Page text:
Chastain credits Trackhouse & Next Gen Chevy with life-saving design

February 24, 2023

Ross Chastain was able to turn a potentially devastating moment in his career to an appreciation of how the NASCAR Next Gen Chevrolet saved his life.

It happened last year at Auto Club Speedway in Fontana, California.

It was during practice on February 26, 2022, when Chastain was racing his No. 1 Casa Del Sol Tequila Camaro Chevrolet from Trackhouse around the massive, 2.0-mile track.

Without warning, his car shot up the track at high speed and slammed into the Turn 4 SAFER Barrier.

It was a head-on collision, and the driver was a bit dazed, but otherwise uninjured.

One year later, Chastain believes the construction of the Next Gen car helped save his life during that brutally hard impact.

“It was the biggest of my career,” Chastain said of the impact. “I don't mean to be morbid, but I think 20 years ago I don't walk away from it the way I do this time in 2022. 


“This car saved my life."

Ross Chastain

 "That track could have taken it all from me. It's not lost on me. I have a respect for this car and a respect for that track. I have a little bit of fear for it, too. I'm glad that I do because it earned my respect real quick that day.”

When asked if he got his “bell rung” that day, Chastain responded, “Oh, yeah.” But he was able to walk away from the crash, clear a medical evaluation and compete in the race the following day.

The car, however, sustained severe damage. Chastain’s Trackhouse crew prepared the backup car and the driver from Alva, Florida had to compete in the race without running any previous laps in the Chevrolet.

Chastain finished 29th, but considering what might have been, he gladly accepted the outcome.

“To use a backup car and start the race without any laps on it was a handful,” Chastain said after that race in 2022. “We were really loose to start, and I was not sure if we’d be able to get on the other side of it.

“My crew chief Phil Surgen and the Trackhouse team kept changing a lot of things on the car and got the balance where I could drive it.

“At the beginning of the race, I was pretty worried that we were just going to be loose and slow all day.

“Obviously, we got a lot better and had a shot at a top-five and I messed up. I made an unforced error running around the sixth spot. I was just riding along and hit a bump wrong and didn’t catch it in time. A mistake on my part.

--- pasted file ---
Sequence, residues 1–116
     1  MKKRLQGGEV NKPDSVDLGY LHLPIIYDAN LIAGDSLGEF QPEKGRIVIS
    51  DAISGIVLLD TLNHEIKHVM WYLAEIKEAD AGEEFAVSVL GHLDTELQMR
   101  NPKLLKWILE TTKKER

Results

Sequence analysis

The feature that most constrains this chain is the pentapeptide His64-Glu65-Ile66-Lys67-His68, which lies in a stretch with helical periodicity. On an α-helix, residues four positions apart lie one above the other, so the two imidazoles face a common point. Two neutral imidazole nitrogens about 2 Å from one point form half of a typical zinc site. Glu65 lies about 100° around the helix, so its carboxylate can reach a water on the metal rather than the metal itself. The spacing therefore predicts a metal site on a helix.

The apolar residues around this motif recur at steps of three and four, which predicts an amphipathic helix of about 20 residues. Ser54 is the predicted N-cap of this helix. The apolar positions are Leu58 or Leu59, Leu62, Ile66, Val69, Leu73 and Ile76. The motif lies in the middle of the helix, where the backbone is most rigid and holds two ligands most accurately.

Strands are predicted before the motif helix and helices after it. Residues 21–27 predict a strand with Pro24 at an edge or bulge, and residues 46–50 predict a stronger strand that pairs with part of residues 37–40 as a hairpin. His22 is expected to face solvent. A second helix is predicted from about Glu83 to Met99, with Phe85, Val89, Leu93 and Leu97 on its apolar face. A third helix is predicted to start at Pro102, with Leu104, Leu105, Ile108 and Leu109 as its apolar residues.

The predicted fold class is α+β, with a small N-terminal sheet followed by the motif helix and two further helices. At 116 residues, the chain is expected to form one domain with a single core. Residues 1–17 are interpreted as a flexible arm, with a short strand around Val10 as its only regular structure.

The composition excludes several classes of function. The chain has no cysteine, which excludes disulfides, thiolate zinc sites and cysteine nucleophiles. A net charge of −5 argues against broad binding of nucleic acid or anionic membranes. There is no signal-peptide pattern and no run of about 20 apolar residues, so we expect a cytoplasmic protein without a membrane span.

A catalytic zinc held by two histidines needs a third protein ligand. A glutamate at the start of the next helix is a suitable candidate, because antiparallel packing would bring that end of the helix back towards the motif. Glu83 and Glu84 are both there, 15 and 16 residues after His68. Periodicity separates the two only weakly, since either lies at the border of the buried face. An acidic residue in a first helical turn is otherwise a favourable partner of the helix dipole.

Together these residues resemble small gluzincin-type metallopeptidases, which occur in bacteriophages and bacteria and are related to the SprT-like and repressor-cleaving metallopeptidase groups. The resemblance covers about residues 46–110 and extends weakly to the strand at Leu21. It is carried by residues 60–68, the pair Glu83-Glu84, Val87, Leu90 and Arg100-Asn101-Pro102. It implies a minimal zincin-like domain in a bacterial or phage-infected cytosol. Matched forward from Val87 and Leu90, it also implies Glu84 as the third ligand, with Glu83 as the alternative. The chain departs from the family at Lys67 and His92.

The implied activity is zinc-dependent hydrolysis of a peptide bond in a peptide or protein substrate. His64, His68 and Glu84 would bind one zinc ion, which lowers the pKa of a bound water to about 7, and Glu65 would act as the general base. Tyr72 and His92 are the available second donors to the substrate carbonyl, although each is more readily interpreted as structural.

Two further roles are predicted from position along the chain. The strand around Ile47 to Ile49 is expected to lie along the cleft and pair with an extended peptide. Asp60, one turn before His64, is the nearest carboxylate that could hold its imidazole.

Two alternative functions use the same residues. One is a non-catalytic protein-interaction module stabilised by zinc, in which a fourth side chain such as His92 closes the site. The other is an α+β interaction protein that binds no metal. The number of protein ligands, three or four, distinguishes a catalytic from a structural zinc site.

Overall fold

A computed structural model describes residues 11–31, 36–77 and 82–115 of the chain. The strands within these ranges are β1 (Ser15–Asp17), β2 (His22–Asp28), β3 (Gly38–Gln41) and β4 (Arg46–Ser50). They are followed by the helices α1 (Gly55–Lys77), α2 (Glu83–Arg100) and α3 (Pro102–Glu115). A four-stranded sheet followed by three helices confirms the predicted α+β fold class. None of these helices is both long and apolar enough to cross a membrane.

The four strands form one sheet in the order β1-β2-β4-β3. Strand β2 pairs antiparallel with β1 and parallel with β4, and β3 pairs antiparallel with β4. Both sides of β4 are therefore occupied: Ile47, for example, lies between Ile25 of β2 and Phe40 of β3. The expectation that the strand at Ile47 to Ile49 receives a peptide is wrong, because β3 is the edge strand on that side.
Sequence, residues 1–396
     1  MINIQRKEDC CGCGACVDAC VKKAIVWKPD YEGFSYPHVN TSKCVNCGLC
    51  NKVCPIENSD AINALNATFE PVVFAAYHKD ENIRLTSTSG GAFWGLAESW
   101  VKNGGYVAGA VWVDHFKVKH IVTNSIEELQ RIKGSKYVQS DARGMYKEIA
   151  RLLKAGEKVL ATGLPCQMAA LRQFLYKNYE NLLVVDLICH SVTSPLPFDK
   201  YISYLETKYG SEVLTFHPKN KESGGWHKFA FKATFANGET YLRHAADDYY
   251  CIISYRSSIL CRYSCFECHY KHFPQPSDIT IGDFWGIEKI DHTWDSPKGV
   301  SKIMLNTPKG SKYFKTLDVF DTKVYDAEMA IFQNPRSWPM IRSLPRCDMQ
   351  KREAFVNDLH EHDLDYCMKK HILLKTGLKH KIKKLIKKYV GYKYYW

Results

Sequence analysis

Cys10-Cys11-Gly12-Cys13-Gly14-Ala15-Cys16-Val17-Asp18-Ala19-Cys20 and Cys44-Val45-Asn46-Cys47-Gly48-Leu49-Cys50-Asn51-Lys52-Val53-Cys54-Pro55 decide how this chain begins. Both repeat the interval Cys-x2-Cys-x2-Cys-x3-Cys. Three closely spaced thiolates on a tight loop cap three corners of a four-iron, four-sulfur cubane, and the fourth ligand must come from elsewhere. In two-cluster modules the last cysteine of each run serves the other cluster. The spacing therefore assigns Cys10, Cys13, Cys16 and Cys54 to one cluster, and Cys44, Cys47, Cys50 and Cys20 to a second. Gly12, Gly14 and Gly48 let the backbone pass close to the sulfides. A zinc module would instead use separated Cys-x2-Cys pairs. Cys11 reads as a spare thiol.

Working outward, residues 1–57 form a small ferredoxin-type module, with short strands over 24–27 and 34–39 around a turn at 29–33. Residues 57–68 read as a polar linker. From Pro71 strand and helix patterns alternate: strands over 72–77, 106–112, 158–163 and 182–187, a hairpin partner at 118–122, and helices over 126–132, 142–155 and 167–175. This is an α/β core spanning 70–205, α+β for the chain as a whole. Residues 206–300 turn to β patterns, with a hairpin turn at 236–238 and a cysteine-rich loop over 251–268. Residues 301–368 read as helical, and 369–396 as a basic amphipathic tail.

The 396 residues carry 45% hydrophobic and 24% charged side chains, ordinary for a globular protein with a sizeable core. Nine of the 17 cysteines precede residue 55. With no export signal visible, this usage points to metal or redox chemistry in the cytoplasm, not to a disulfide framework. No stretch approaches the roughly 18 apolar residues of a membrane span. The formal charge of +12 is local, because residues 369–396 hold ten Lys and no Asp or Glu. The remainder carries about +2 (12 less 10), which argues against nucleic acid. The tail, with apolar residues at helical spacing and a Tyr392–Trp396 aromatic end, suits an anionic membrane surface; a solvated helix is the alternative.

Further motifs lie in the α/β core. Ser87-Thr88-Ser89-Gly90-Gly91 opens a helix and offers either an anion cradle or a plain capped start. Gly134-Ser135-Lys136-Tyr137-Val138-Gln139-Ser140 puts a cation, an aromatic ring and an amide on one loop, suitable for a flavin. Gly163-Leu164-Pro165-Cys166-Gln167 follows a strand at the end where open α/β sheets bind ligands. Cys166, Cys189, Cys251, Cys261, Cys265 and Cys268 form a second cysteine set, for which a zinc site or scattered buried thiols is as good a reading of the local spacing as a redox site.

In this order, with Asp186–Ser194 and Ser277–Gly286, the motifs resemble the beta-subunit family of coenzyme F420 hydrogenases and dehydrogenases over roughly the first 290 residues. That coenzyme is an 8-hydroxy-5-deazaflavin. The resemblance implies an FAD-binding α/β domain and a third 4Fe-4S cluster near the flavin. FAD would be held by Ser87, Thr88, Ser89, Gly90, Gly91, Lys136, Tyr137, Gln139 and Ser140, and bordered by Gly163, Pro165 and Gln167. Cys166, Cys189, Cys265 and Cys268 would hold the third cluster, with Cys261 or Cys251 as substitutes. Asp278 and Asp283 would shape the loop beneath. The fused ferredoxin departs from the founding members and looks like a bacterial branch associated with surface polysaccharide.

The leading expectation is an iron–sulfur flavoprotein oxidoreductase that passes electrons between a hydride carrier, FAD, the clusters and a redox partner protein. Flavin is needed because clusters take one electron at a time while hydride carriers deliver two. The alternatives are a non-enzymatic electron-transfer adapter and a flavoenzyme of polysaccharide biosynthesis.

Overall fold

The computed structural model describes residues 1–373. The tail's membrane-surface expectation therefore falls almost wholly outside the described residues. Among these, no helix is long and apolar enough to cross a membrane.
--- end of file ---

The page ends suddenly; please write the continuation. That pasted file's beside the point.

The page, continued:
“Seeing the transition from the beginning of the race to the end, gives me a lot of hope.”

Chastain parlayed that hope into the season of his career. He finished second to NASCAR Cup Series Champion Joey Logano in the championship race at Phoenix and finished second in the 2022 NASCAR Cup Series standings.

Chastain had an incredible season in 2022 and was named Driver of the Year by the National Motorsports Press Association (NMPA).

Chastain and Trackhouse return to Auto Club Speedway in Fontana, California for Sunday’s Pala Casino 400.

It will be the final race on the 2.0-mile speedway configuration at the facility that opened as California Speedway in 1997.

Track officials intend to reconfigure the facility to make it a half-mile oval, but that is pending approval from State of California governmental agencies.

According to Auto Club Speedway President David Allen, the date of the reconfiguration process has not been determined, but this will be the last race held on the current superspeedway layout.

Chastain prefers to keep it the way it is.

“I still hope they change their mind again on that and keep it, build another short track somewhere else or put us in another stadium,” Chastain said.

Because of his respect that he has developed for the current oval after his massive crash, he wants to win the trophy for himself and for Trackhouse on Sunday.

He sees the facility as an intimidating foe; one that he wants to conquer.

“I know that I walked away from that crash, and that car saved my life,” Chastain explained. “I'm forever thankful for that.”

Auto Club Speedway has left a mark on Chastain’s career, and it’s a mark the driver remembers and feels every time he drives through Turn 4.